Uptime, reliability and smooth maintenance have always been key to successful port operations, but now more so than ever before. So, what role does connectivity play in strengthening the global shipping industry? How can connected engines help ensure the uptime and profitability of shipping companies’ port operations?
Connected engines for all kinds of port operation applications
The port in Valencia is the second largest in Spain, and the fifth busiest port in Europe. It has three main terminals, each operated by a major shipping company – Cosco, APM and MSC. These terminals use Volvo Penta engines in a variety of applications throughout the port, including RTG cranes, reach stackers, terminal tractors, and empty container handlers. Given the highly different duties and workloads of these applications, they contain different kinds of Volvo Penta engines, made to perform with the optimum power required for their respective operations.
Each of the companies operating these port terminals are long-time customers of Volvo Penta. They have all followed our work with connectivity and connected engines with interest. As such, they were enthusiastic about using connected engines for their applications when given the opportunity a few years ago. Volvo Penta worked closely with our local dealer Nautic Motor Valencia to ensure that it could provide the service these clients required.
Easy maintenance, increased uptime, and lowered total cost of ownership
Port operations are complex and costly, meaning that even minor delays or complications can cause problems and unnecessary expenses. Saving time and money through smooth operations is essential. Unplanned stops and unexpected maintenance need to be kept to a minimum, and this is where connected services make a significant difference.
Connected engines collect data on how they are used and how they function. This means that anomalies and errors can be detected very early, which in turn can help prevent more serious problems, malfunctions and downtime. In this case, Volvo Penta's Uptime Center is able to monitor the connected Volvo Penta engines remotely, and use diagnostics to detect faults, risks, and low fluid levels, for example. In the event of an engine issue, a notification is sent to the dealer who can then inform the customer of the issue and how best to handle it. The customer's maintenance personnel can then locate the engine in question and resolve the issue.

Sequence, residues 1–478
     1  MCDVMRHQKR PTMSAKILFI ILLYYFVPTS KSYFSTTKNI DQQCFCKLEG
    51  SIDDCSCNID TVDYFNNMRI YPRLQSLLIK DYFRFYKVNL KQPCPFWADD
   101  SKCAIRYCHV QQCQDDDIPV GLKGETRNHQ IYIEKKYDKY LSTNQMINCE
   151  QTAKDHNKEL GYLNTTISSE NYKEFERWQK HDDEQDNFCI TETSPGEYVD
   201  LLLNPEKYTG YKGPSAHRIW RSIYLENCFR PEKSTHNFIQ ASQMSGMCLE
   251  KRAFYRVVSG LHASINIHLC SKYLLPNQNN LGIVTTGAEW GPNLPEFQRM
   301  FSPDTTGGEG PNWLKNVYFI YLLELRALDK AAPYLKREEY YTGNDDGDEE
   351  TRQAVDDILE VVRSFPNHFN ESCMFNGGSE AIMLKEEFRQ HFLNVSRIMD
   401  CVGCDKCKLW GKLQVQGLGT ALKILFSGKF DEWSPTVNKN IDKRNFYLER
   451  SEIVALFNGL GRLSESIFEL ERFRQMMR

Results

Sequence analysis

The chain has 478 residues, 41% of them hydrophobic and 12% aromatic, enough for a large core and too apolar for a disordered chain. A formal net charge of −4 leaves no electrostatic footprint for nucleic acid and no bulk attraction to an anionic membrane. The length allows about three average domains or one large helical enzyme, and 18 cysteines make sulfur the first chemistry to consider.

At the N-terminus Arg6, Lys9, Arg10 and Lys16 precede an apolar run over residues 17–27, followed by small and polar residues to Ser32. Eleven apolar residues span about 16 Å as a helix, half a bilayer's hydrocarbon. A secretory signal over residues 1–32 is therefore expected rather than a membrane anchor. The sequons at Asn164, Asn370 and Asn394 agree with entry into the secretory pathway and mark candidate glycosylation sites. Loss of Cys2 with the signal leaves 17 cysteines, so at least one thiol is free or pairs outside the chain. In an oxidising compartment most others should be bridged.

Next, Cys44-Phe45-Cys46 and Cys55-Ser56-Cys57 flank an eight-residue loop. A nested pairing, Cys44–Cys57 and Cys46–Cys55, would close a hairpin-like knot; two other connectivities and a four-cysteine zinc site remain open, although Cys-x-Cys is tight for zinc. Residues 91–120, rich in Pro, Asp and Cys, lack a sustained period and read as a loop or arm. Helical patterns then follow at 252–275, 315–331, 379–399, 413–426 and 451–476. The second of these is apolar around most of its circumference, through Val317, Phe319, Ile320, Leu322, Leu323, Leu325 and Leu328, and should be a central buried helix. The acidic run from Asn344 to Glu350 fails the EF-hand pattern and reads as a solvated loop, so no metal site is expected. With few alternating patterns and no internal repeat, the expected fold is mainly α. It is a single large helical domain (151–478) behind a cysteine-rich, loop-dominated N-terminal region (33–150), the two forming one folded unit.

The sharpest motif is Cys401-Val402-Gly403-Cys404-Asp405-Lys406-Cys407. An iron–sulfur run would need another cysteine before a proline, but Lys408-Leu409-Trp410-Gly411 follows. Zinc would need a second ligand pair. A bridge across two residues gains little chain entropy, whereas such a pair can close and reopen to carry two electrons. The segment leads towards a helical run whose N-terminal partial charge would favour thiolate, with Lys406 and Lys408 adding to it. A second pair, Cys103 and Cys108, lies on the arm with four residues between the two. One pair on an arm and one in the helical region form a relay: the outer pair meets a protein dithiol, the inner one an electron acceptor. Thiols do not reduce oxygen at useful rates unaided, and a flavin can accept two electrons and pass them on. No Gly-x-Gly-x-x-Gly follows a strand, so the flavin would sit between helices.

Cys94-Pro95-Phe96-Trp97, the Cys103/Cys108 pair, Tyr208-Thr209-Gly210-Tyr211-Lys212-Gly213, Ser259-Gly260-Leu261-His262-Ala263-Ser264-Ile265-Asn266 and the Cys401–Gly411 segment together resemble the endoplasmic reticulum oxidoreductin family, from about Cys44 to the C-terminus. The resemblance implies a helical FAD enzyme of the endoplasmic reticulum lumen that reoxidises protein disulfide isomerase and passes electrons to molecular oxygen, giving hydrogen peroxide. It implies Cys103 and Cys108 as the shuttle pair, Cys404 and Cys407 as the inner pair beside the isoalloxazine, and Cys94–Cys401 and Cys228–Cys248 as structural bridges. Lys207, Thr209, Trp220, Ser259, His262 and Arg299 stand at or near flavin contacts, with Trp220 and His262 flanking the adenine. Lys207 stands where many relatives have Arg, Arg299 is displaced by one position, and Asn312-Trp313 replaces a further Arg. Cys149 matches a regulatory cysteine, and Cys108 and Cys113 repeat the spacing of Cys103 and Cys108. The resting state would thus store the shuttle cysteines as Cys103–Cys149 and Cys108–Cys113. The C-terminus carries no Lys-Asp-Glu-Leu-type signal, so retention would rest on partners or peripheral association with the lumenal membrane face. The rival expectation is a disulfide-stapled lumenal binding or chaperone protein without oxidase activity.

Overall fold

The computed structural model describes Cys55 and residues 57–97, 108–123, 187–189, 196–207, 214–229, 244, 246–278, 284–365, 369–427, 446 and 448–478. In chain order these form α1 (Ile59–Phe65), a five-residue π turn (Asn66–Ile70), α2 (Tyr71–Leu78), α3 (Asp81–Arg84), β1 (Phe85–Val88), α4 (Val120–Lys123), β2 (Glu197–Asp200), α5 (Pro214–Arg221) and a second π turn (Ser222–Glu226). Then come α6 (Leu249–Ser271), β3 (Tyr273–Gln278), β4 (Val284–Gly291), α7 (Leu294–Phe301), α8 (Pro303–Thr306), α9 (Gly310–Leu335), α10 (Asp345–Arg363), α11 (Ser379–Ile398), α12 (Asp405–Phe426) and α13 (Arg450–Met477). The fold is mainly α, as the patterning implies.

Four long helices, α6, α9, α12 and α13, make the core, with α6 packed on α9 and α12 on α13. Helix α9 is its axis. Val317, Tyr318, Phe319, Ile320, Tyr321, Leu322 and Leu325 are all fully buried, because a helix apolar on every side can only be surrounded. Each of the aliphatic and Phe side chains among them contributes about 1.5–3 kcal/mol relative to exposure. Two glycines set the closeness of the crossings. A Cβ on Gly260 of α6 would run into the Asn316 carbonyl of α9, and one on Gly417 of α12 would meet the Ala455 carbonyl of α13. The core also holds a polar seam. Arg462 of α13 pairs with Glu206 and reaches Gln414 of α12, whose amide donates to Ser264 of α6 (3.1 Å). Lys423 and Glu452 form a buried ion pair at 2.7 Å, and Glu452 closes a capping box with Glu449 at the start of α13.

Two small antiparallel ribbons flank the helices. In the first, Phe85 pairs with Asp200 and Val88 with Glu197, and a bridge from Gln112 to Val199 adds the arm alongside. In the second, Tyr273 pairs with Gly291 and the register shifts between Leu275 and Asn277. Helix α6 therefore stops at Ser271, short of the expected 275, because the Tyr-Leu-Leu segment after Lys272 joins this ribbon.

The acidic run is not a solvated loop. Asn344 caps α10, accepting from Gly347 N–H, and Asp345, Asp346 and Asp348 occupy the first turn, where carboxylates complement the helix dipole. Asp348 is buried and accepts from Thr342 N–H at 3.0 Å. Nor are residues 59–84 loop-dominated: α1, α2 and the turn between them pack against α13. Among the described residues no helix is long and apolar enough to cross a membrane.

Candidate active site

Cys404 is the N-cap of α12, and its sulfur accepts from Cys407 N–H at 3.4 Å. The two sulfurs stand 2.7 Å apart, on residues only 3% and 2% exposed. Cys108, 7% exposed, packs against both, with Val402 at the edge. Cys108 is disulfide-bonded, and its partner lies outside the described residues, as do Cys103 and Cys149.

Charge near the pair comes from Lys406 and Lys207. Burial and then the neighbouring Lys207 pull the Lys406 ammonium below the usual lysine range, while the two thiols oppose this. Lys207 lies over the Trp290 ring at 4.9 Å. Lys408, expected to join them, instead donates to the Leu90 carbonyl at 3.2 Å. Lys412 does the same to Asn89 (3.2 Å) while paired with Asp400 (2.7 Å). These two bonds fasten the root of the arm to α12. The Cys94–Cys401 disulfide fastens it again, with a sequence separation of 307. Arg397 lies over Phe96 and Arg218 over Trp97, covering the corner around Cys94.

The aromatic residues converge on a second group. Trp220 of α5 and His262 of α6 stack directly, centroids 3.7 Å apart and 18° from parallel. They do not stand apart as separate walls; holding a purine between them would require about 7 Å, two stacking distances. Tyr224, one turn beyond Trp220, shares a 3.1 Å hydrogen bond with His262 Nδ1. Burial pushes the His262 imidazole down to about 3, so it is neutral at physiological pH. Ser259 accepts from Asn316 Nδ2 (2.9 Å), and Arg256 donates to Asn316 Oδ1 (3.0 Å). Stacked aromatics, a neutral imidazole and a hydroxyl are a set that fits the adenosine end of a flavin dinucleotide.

This allows for quick, exact and efficient maintenance, which results in more uptime for the engine and greater operational reliability overall. Moreover, costlier maintenance can be prevented and the total cost of ownership (TCO) can be kept down. The dealer can proactively inform and advise the customer, as opposed to the customer having to consult the dealer once a problem or malfunction has already occurred.
One concrete example of this involved an 8-liter engine installed in a terminal tractor. The engine’s coolant level was too low, and so a notification was sent to the dealer. This was a critical issue, so the customer had to be informed right away. The customer’s fleet manager was then able to send a maintenance team to the terminal tractor, which had it up and running again in just 15 minutes.
Three key reasons why connected engines benefit port operations
Want to know more about Volvo Penta’s work with connectivity, and how it can benefit your business? Send me an email at firstname.lastname@example.org. Make sure to also read my colleagues’ articles on connectivity, as well as other blog articles on Volvo Penta’s work with the mining industry, quarrying, forestry, and more.